5 Shows- 1 Gallery
Taking place in Gallery One, reflections of nature, landscape and still life are explored in Eddie Niznik’s Opus. Through the means of painting, Niznik investigates the ways in which nature can be portrayed by fusing elements of abstraction, geometric minimalism and representation. From this, Niznik’s works become a harmonic and subtle mergence of colour, shape and line, where subjects slowly surface despite remaining ambiguous to the viewer.
Countering the soft, contemplative work of Niznik, Waiting for Amelia by Michael Hawkins looks at the often-fractious relationship that exists between fathers and the judicial system. Via works on paper and canvas, Hawkins use of symbol and motif explore the difficulty faced by fathers when it comes to shared custody. In what is a personal response to the trials and tribulations of the family court system, the illustrative hand of Hawkins seeks to shed light on this issue through interaction between images and their respective meanings.
Following this, Stephanie Kinstler examines the construction of self in Red Rose. Via a series of self-portraits that pay homage to the narcissism of the digital age, Kinstler artfully navigates the often-troublesome dialogue between modernity, tradition and culture. Drawing upon a love of modern beauty trends, ‘traditional women’s activities ’ and her own ‘colourful Eurocentric heritage,’ the images in due measure portray a desire to reject them in an act of ‘modern young rebellion.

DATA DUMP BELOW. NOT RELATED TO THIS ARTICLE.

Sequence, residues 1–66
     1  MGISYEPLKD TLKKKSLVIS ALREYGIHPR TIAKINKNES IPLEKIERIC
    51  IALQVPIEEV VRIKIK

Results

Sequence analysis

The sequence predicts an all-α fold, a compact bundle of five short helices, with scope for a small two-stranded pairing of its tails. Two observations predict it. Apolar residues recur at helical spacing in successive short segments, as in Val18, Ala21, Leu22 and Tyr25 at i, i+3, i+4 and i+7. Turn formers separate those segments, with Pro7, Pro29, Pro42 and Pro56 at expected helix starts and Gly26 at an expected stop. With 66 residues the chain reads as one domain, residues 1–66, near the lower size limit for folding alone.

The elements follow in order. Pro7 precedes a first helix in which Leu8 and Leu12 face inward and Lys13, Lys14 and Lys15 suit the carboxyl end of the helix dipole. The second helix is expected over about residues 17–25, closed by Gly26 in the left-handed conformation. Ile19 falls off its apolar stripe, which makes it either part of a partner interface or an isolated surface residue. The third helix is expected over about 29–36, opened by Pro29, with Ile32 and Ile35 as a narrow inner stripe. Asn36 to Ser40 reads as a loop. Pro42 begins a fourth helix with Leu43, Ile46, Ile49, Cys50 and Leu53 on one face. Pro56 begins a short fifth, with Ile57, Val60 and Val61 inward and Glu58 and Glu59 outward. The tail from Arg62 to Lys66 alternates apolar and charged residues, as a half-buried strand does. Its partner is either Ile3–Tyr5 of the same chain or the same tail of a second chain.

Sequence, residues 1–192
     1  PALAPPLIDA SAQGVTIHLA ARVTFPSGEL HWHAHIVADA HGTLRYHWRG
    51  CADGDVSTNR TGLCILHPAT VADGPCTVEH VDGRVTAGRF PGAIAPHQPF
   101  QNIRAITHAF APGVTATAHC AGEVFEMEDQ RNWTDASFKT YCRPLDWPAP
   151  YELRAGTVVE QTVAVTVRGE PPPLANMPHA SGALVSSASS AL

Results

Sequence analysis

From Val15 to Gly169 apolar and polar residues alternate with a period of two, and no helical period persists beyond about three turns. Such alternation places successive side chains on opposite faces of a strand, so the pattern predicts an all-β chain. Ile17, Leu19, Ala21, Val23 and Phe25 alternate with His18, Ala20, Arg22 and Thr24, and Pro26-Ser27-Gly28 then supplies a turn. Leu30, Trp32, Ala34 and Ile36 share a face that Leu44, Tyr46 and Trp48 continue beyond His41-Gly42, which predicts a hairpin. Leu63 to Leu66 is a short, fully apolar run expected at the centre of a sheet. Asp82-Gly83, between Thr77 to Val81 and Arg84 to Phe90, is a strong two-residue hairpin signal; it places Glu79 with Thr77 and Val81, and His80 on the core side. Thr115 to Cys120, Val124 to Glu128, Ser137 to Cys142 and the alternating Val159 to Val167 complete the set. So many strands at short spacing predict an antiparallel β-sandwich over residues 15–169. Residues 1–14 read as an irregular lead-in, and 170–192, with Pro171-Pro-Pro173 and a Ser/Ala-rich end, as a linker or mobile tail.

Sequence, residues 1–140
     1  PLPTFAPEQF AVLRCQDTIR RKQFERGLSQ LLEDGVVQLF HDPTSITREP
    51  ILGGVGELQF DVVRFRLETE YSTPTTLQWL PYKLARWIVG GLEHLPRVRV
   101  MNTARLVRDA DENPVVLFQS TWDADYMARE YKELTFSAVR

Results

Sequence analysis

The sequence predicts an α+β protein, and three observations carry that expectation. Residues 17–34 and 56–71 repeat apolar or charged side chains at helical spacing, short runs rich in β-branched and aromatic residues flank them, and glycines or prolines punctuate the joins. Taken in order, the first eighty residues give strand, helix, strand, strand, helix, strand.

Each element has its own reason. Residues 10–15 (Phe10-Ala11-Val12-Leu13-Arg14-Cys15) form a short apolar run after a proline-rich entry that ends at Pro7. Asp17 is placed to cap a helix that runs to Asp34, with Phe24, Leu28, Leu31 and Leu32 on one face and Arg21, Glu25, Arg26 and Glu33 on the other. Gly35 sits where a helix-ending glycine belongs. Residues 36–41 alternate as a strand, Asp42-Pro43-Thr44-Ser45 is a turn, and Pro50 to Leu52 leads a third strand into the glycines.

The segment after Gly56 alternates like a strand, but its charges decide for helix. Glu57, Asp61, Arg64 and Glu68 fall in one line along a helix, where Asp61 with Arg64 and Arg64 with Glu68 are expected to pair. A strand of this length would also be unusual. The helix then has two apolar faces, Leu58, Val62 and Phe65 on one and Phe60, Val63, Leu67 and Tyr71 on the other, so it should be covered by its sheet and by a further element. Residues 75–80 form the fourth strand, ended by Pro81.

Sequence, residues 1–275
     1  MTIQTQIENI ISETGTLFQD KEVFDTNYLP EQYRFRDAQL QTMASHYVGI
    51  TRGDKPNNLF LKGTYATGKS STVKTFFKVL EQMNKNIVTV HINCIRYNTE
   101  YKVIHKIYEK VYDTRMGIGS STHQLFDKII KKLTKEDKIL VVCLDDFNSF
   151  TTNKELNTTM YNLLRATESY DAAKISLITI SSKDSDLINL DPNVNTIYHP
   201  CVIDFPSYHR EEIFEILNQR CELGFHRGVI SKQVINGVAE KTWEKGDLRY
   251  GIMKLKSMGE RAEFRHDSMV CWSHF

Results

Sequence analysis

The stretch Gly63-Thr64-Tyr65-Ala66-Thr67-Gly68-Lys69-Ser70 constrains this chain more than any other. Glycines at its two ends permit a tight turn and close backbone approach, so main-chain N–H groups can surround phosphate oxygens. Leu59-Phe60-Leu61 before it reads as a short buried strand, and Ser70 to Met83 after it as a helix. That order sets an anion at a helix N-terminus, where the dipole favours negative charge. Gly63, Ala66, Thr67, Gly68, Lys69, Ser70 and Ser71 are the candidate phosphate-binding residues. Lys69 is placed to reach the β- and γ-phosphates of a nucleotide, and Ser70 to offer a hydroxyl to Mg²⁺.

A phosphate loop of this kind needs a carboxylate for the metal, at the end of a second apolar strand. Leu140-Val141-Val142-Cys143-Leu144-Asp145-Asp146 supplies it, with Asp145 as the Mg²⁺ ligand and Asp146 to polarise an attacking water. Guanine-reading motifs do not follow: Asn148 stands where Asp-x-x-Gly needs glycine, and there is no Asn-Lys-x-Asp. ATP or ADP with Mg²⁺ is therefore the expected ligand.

Meanwhile in Gallery Four, Michele Donegan’s practice of travel, collecting and careful examination of surrounding environments manifest in re find. In what is in essence an exploration of place, the works in re find charter the artist’s ‘mapping of the landscape,’ transforming objects and images into miniature creations so as to encourage the viewer to ‘stop, look and consider.’ Through ‘noticing, collecting, remembering, valuing, transforming and reconsidering,’ Donegan rekindles the beauty of an object’s fragility in an ever fast and changing environment.
Finally, In Memory of Paeonies Kate Walsh pays tribute to the majestic flower via a series of intimately painted works. Taking place in the Cupboard/ Project Space, Walsh’s paintings seem to stir from a dream, evoking a sense of past and cherished moments. ‘Through figurative, metaphorical and abstract imagery,’ Walsh delicately captures the beauty and enduring symbolism of the peonie.
All exhibitions will be open from 7 October- 29 October.
Alternating Current Art Space is located at 248 High Street in Windsor. We are open Wednesday to Friday 3-8pm and on the Weekend 11-3pm.